Quinn Henry Mulligan: February – Album review

Quinn Henry Mulligan 

FebruaryQuinn Henry Mulligan - February

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8/10

Second album of dreamy acoustic folky alt-jazz in as many months from song-smith on a mission to release an album every month in 2018.

 

Singer songwriter Quinn Henry Mulligan is releasing an album per month in 2018. The year is already two months in so I have been listening to album number two, February.

The album is one of gentle acoustic songs and Quinn has a calm soothing voice. On my first listen to the album I was working and listening with headphones on. The effect of his smooth voice and gentle harmonies was a feeling of relaxation and serenity; nothing was going to bother me.

However, working while listening didn’t fully do the experience justice and when I took some time out to really listen mindfully and got lost in the songs. The sparse clarity of the arrangements and delicate instrumentation meant I could pick up all of the subtleties and simple beauty of the melodies and lyrics.

From the striking acoustic strum at the outset of Need Need Me I was drawn in and as the song burst to life with Quinn’s impassioned plea “tell me I’m the only one” I was hooked. Talking of striking, I couldn’t help but notice a striking resemblance to a young Marlon Brando on the cover art for February.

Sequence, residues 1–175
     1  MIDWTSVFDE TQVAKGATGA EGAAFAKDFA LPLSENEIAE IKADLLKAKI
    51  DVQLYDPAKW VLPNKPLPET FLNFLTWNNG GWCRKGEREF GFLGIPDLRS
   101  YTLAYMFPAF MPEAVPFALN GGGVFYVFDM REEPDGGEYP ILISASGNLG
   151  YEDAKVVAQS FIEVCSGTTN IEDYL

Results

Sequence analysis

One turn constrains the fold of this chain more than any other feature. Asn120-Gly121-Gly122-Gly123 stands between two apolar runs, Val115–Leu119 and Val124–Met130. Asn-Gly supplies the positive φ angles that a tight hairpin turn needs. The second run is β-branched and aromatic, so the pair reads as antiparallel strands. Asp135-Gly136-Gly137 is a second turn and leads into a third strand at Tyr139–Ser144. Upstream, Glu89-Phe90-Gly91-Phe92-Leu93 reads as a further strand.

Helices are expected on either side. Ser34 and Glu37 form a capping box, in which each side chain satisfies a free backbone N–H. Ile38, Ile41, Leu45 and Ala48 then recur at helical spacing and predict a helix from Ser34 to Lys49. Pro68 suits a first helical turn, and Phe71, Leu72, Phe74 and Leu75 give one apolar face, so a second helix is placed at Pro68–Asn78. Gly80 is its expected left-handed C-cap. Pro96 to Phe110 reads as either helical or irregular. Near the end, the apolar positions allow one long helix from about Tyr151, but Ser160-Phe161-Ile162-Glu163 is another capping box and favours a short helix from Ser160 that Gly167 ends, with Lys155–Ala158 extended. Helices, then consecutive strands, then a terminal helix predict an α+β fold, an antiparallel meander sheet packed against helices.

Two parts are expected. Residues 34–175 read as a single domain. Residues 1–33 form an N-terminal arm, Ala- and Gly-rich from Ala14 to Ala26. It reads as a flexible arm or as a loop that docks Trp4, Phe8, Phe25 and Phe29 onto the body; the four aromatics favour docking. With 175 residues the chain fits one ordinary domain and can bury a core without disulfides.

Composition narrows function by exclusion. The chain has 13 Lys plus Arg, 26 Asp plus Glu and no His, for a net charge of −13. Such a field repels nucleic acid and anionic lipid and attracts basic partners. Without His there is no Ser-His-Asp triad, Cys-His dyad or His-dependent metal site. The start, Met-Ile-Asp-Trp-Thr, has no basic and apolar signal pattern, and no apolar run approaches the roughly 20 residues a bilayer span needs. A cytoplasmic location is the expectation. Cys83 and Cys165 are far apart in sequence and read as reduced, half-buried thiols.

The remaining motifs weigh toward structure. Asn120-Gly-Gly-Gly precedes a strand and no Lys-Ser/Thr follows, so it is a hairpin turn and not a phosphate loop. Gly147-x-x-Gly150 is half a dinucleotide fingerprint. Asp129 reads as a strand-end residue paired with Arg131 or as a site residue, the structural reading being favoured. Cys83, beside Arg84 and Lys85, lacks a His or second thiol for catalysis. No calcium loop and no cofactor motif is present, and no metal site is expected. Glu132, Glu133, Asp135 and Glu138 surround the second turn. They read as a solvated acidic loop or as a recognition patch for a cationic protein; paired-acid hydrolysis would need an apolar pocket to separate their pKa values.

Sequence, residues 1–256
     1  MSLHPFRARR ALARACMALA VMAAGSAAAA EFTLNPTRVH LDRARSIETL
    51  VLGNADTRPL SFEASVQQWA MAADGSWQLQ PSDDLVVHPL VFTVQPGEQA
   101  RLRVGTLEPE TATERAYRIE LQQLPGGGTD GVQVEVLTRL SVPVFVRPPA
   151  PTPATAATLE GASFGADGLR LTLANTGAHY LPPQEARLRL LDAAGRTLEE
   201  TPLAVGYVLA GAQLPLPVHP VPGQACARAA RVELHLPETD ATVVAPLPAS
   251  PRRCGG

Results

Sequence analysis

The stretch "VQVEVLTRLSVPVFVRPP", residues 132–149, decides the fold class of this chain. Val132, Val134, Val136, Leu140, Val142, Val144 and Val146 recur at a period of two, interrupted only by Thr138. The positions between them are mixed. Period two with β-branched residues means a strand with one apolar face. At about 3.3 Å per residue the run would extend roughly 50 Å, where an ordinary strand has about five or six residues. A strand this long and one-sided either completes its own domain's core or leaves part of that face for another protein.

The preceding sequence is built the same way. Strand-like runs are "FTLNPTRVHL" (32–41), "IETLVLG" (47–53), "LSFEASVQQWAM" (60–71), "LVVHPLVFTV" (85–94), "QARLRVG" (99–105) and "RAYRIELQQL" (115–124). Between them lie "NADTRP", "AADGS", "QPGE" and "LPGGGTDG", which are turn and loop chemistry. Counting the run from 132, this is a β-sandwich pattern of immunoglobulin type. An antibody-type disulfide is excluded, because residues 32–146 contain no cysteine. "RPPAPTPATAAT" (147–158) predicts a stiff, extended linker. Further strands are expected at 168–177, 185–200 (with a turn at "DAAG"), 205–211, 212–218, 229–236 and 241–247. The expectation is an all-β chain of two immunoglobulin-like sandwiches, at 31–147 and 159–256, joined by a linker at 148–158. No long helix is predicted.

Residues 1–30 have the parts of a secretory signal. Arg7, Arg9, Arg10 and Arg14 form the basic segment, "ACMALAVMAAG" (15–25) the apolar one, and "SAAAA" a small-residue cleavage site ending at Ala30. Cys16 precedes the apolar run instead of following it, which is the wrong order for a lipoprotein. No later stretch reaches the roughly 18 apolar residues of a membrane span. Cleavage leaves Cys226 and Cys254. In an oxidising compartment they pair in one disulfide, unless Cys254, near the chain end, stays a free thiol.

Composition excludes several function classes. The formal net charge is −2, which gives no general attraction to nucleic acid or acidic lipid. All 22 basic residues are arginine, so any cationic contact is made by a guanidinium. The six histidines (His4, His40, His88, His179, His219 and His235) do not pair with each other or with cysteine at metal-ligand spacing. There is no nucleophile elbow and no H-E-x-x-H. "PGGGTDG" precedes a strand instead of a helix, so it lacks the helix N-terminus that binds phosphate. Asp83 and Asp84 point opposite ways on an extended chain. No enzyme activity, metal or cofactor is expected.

This is an undeniably beautiful album. I Burn with its simple and effective minimalistic acoustic guitar showcases Quinn’s heartfelt lyric complemented with effective effervescent backing vocal.

The album continues in a similar vein and while Quinn’s voice is gentle it is also has some power behind it, as demonstrated on the accordion backed Cosmic and Pretty Eyed. Arms Race & Changing the Season are two of the livelier songs on the album with a richness to the driving acoustic guitars of Arms Race and cacophonous textured instrumental sax break towards the end of Changing the Season.

For me, it is the final trio of tracks that are the albums highlights. Being a lover of the music of James Grant & Love and Money, To Love No One immediately made me think of the country tinged Dogs in the Traffic era Love and Money – particularly Looking for Angeline.While with its velvety laidback sax intro to next track In My Room (and on another couple of instances on the album), Black (aka the late Colin Vearncombe) was brought to mind. Not necessarily in Quinn’s voice but in the general feel and instrumentation of this and moments elsewhere on February. The sax on the song also transported me to Bowie’s latter works and in particular to his final legacy, Black Star.

Nothing Burns Me is the final track on the album and my personal favourite from February with a delicate folky sea shanty feel to it, the track is one of the most atmospheric on the album with an intriguing layered vocal adding to the overall substance of the song.

I look forward to seeing what March brings.

Here’s the official video for In My Room:

~

You can find Quinn Henry Mulligan online here: https://www.quinnhenrymulligan.com/music

All words by Neil Hodge. More writing by Neil on Louder Than War can be found at his author’s archive. You can also find Neil online at his blog thegingerquiff.

 

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